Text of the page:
The Perfect Deer Rifle

Is The Payoff In The Search Itself?

By Dave Anderson

Like John Taffin’s quest for the “Perfect Packin’ Pistol,” my own quest has been for a “Perfect Deer Rifle.” Except my term is so lame, lacking the triple alliteration. I’ve tried to come up with something better: “Dandiest Deer Dropper,” “Wonderfulest Whitetail Whomper,” “Marvelous Mulie Musket” — but as you can see, my efforts have been embarrassing.

Past Perfect — Isn’t

Lee-Enfield No. 1 Mk. III .303 British, $17.88. Binocular and knife, no cost (Christmas presents for Dave).
Memories of using this equipment on Dave’s first successful deer hunt at age 14: Priceless. No, really.

Past Perfect — Isn’t

Here’s a look back at how my search has gone. These dates are only approximate. I don’t really organize my life by decades. Maybe I should?

The 1960s: What I wanted was a Weatherby Mark V .257 WM. As a teenage farm kid, what I could afford was a cut-down Lee-Enfield No. 1 Mk. III in .303 British. But danged if it didn’t work! At age 14 I shot my first deer with it hunting on my own, following tracks in the snow until — more by luck than skill — I got a close range shot. I also used a borrowed Winchester 94 .30-30 “back then.”

The 1970s: The ’70s were eventful for me. I graduated from the university, got a job at what seemed like a fabulous salary, got married, and bought a Winchester 70A .270 Win. a month after the wedding. This acquisition led to our first marital spat. “Couldn’t you hunt deer with your duck rifle? I really think you could if you wanted to.” The .270 cartridge was (and is) about perfect for deer, the rifle was reliable and super accurate, but with steel bases/rings and a steel-tube Weaver scope it weighed 9-½ lbs. field-ready.

Other highlights from the ’70s include a Remington 600 .308 Win. (too loud, too muzzle-light); Ruger .44 Mag. carbine (too range-limited); Ruger 77 .250 Savage (too close to perfect, might have ended the quest!); pre-’64 Winchester 70 Featherweight .30-06 (recoil a bit hefty with the hard buttplate).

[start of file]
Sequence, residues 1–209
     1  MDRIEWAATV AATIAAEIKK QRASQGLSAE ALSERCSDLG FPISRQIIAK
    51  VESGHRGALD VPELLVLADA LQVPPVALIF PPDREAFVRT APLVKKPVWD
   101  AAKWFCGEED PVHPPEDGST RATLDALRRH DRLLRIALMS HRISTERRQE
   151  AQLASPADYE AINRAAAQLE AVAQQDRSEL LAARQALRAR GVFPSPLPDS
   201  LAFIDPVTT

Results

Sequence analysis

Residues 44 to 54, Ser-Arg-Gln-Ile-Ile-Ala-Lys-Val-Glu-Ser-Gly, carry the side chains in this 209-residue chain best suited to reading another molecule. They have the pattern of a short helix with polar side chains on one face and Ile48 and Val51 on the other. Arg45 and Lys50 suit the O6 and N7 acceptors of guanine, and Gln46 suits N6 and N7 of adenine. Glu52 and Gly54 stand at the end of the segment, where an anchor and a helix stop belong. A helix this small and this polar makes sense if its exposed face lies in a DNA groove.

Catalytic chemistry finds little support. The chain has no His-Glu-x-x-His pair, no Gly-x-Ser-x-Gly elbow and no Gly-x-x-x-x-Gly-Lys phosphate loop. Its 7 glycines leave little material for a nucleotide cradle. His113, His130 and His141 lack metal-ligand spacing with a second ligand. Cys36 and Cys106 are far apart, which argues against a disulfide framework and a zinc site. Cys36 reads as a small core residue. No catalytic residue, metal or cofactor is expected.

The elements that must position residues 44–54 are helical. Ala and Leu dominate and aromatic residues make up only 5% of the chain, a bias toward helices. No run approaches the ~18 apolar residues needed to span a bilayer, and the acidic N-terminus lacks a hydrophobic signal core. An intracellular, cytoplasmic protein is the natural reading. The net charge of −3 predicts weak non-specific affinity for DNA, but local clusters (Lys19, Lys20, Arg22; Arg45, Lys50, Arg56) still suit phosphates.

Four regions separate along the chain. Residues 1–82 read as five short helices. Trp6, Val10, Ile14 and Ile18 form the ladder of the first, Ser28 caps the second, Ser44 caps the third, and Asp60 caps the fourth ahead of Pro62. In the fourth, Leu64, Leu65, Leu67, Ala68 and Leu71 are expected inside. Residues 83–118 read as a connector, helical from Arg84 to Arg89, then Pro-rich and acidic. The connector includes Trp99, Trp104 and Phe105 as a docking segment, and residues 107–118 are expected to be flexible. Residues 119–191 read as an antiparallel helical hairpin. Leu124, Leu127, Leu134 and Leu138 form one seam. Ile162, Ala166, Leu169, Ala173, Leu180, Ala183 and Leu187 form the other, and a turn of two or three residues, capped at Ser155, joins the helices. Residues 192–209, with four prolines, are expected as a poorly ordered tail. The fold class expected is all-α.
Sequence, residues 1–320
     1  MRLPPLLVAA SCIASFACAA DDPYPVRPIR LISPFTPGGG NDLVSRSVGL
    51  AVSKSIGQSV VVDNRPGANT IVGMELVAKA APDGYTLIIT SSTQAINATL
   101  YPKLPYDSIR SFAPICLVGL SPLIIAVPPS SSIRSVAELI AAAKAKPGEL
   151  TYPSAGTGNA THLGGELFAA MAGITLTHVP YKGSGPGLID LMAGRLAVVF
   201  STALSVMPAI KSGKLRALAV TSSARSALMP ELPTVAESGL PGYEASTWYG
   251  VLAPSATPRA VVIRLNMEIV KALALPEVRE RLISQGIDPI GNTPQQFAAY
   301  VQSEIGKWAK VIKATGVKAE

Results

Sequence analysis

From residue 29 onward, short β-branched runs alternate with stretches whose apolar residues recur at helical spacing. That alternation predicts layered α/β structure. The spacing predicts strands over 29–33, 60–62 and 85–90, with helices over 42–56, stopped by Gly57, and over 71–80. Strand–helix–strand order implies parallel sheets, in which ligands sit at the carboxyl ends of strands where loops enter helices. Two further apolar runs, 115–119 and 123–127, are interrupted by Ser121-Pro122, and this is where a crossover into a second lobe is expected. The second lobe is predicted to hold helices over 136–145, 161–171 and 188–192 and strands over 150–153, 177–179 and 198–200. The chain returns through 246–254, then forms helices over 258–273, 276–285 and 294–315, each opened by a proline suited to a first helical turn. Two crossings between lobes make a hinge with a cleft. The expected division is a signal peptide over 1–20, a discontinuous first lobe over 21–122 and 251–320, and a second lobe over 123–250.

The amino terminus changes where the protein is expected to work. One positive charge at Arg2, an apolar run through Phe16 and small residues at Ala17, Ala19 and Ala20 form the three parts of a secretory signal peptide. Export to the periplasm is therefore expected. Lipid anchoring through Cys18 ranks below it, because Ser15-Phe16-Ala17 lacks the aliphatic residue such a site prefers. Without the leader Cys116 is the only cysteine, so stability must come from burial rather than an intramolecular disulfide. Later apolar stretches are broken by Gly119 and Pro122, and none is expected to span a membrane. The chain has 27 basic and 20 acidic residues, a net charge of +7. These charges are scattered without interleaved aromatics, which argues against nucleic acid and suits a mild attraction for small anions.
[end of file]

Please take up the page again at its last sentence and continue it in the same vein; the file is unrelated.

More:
The 1980s: Back then I took up IPSC Practical Pistol competition, which became my main shooting interest for the next 15 years. With handguns filling my inner need for continual experimentation, I actually made some practical deer rifle choices.

Winchester reintroduced the Model 70 Featherweight in the early ’80s. I bought a pair in .270 Win. and 7×57 Mauser. When Remington introduced the Mountain Rifle, I bought one in .280 Rem. Except for flirtations with a pre-’64 Model 70 .257 Roberts, a Belgian Browning .270, a Model 70 .300 Win. Mag. and a couple others, these three handled my whitetail and mule deer hunting for quite a few years. I was getting close to my ideal, but still….

Where to go after finding the perfect deer rifle? Go back a century! This 1920 Savage .250-3000
left the factory on September 11, 1920. Dave plans to hunt with it in its centennial year.

Short, scouty .308 stuff (from top down): Remington 600 Mohawk from the ’70s, Ruger Frontier and a Steyr Scout.

More Questing

The 1990s: After some complicated trading I acquired a Winchester 88 lever action in .284 Win. A few years later I bought a Browning A-Bolt Hunter in .284 Win. Most of my deer hunting in the ’90s was with one or the other.

Simone had been using my Remington 700 .243. Being the thoughtful husband I am, I got her something a bit more compact — a Browning Micro Medallion. By happy chance it was in 7mm-08 Rem., a cartridge I wanted to try.

The 2000s: I was so enamored of the 7mm-08, I purchased an Ed Brown Damara chambered for it. Light, accurate, reliable, with a wonderful trigger, ideal balance and fit — perfection at last! Except, it wasn’t stainless steel.

The Weatherby Mark V dream came to pass, with an Ultra Lightweight .257 WM. I first used it in Africa, mainly on a cull shoot for springbok. Great rifle and cartridge. But there’s that long 26″ barrel.

The 2010s: After laser surgery on one eye to repair retinal tears, recoil reduction became a priority. I bought a Sako 85 Finnlight in .243 Win., and more recently another Weatherby Mark V Ultra Lightweight in .240 WM. Both are superb to carry and shoot. These days most of my hunting is with one or the other. I can even live with the 1:10 twist.

Closest to perfection so far: Sako 85 Finnlight in .243 Win. Scope is a
Leupold 2-7×33 compact. Spooky accurate — a beautiful trigger.

But…

I’m so impressed with the superb long-range bullets now available, especially some of the 6.5s. I have several 6.5 rifles, all with 1:8 or faster twists — Weatherby and Ruger rifles in 6.5 Creedmoor, Savage and Tikka rifles in .260 Rem., and my current favorite, a Tikka T3 in 6.5×55 Swede.

I feel I’m almost there! Except they could be a bit lighter and more compact. I’ve ordered a Kimber Adirondack and the new Savage Lightweight Storm, both with 1:8 twists in 6.5 Creedmoor. Perfection at last! Although I see Sako is now chambering the Finnlight 2 in 6.5 CM.

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